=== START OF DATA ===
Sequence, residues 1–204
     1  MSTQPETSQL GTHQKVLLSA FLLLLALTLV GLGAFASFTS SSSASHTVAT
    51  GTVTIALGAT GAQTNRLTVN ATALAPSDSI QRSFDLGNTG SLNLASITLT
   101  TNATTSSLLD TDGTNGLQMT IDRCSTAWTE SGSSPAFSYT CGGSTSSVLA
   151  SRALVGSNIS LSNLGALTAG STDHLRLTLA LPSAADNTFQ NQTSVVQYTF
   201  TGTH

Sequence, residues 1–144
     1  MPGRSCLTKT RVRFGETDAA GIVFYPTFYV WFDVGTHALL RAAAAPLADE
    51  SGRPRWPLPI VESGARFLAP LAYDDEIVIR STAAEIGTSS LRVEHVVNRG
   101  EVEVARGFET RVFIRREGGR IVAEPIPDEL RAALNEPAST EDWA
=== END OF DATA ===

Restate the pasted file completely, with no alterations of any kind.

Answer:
Sequence, residues 1–204
     1  MSTQPETSQL GTHQKVLLSA FLLLLALTLV GLGAFASFTS SSSASHTVAT
    51  GTVTIALGAT GAQTNRLTVN ATALAPSDSI QRSFDLGNTG SLNLASITLT
   101  TNATTSSLLD TDGTNGLQMT IDRCSTAWTE SGSSPAFSYT CGGSTSSVLA
   151  SRALVGSNIS LSNLGALTAG STDHLRLTLA LPSAADNTFQ NQTSVVQYTF
   201  TGTH

Sequence, residues 1–144
     1  MPGRSCLTKT RVRFGETDAA GIVFYPTFYV WFDVGTHALL RAAAAPLADE
    51  SGRPRWPLPI VESGARFLAP LAYDDEIVIR STAAEIGTSS LRVEHVVNRG
   101  EVEVARGFET RVFIRREGGR IVAEPIPDEL RAALNEPAST EDWA